The Murder of Christopher Marlowe
Evidence Marlowe was Silenced
The facts of the case, at best, lead one to select the most plausible resolution to the question of the murder of Christopher Marlowe. This, I believe, is that Marlowe had to be silenced in order to save the skin of his patron, Thomas Walsingham. However reluctantly he felt about disposing of the poet that had been under the protection of his patronage, the political baggage that Marlowe carried was not to be endured.
Hence, Marlowe had to go. For this purpose, Walsingham had Marlowe lured to a meeting with three of his loyal servants, and there, in Deptford, silenced him once and for all. The fact that Frizer was quickly pardoned suggests that Walsingham persuaded the queen of his loyalty, and either urged upon her the necessity of getting rid of Marlowe, or convinced her that the coroner's jury was correct, and that Marlowe's death was the result of self defense.
It is entirely possible that Robert Cecil was concerned about Marlowe, and was involved in the attempt to silence him. If the Privy Council decided to further question Marlowe, and subject him to the same instruments of interrogation that they had used so effectively on Thomas Kyd, was it not likely that Marlowe would reveal the machinations of Cecil's secret service? Could the wily Cecil afford to have his various plots known?
Another interested party in the effort to silence Marlowe was the Earl of Essex. In his battle of wits with Raleigh, Essex needed to establish his credibility with the queen, while the two factions jockeyed for advantageous positions in the question of Elizabeth's successor. Further, Nicholas Skeres, a member of that strange quartet at Deptford, was a faithful servant of Essex. Was it he who arranged the meeting?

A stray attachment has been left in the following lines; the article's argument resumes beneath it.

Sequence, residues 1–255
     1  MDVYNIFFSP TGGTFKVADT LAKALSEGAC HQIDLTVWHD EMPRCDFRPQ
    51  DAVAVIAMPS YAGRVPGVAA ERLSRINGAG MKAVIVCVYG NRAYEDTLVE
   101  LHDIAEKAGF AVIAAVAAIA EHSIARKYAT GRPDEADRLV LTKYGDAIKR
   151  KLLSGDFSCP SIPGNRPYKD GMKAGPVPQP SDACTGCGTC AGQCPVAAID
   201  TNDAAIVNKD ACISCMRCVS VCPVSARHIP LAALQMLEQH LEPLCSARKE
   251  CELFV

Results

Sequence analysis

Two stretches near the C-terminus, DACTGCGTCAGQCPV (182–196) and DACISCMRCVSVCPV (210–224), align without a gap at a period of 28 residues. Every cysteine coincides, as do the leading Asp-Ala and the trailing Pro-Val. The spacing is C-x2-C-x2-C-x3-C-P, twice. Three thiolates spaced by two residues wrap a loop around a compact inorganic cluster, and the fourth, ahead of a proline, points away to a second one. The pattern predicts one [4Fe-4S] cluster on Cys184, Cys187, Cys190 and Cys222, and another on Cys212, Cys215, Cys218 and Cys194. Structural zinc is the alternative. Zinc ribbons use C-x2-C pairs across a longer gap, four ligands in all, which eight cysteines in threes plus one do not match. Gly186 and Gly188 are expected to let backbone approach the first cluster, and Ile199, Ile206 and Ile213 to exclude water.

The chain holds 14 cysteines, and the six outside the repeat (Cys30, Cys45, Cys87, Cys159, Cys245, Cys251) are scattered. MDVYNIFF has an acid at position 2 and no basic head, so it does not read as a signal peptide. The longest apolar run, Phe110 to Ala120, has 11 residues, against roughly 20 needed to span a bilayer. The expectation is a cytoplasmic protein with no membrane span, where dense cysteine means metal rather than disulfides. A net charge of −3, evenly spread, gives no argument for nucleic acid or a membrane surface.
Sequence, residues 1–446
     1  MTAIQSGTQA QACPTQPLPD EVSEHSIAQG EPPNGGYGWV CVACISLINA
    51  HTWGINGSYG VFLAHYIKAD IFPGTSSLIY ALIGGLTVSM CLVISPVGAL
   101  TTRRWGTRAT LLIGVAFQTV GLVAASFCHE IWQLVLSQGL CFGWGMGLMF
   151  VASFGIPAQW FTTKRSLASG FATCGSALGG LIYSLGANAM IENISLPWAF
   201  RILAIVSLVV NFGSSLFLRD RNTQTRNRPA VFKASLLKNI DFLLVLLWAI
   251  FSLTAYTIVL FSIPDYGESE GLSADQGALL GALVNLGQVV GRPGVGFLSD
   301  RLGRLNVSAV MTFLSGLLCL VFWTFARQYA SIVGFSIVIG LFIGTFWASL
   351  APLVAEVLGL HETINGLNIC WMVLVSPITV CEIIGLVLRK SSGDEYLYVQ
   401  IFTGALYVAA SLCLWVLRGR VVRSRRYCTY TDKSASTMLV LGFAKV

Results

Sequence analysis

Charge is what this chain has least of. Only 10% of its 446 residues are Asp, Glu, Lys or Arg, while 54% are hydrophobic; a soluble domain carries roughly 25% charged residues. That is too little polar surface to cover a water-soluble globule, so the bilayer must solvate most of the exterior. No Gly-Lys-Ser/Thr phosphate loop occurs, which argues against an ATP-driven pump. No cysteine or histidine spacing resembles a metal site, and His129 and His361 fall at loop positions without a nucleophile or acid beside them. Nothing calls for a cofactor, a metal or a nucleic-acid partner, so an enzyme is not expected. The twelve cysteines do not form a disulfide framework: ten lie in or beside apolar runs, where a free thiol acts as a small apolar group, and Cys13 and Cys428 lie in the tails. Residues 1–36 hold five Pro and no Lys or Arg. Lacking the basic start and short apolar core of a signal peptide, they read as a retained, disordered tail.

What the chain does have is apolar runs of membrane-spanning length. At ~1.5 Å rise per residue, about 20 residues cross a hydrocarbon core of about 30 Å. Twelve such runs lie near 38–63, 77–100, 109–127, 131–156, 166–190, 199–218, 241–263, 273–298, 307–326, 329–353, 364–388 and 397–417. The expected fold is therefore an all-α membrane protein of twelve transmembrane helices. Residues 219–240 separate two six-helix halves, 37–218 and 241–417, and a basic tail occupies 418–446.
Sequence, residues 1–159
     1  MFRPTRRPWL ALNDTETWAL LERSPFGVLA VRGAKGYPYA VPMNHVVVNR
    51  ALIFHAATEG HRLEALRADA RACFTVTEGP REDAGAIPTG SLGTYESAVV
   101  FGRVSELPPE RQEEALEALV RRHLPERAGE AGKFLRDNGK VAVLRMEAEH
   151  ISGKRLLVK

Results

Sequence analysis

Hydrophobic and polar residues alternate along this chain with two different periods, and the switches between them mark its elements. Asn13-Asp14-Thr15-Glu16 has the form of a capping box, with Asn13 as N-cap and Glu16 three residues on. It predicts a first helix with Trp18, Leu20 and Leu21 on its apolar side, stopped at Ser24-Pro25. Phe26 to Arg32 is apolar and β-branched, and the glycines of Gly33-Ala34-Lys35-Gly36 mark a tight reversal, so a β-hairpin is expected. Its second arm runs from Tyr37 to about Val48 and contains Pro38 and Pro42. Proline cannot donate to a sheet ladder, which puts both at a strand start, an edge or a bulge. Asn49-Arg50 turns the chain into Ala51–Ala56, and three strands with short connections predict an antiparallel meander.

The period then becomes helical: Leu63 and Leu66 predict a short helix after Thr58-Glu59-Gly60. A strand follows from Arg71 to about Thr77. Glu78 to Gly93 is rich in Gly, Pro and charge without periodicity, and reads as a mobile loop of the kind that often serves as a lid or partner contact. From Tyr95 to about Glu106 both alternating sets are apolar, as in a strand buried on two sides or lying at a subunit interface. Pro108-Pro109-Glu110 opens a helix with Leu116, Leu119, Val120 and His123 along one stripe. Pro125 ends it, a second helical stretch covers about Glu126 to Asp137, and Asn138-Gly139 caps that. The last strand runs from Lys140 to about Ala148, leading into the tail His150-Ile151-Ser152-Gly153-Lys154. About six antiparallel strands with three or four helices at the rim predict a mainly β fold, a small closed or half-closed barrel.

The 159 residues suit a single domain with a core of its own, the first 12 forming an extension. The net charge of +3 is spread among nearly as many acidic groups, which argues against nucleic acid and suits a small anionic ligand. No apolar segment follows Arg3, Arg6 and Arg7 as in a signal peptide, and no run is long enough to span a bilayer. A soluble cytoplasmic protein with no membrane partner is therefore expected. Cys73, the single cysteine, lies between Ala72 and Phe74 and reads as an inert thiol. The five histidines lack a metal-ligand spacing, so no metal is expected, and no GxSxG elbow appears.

Nicholl suggests that the murder was unplanned, that the goal of the meeting was to seek the volatile Marlowe's silence by persuasion, and that things got out of hand. Either a genuine disagreement and fight began, or Skeres saw no alternative but the ultimate silencing of Marlowe.
The murder of Christopher Marlowe remains a mystery, but it seems unlikely that the great dramatist's death was the result of an argument over a few shillings. Considering the magnitude of late 16th century intrigue, Marlowe was most likely a victim in the struggle for political survival of Thomas Walsingham, Walter Raleigh, and the Earl of Essex. It is interesting to note that eventually Essex (by order of Elizabeth) and Raleigh (by order of her successor, James I) were beheaded. Clearly, it was an era where the principal players played for keeps.
On July 11, 2002, a memorial window in Poet's Corner, Westminster Abbey, was dedicated to Christopher Marlowe. It gives the date of his birth as 1564, and the date of his death as "?1593." Even his memorial refuses to acknowledge the fact of his death.
A few yards away from the Marlowe Memorial window sits the bust of William Shakespeare.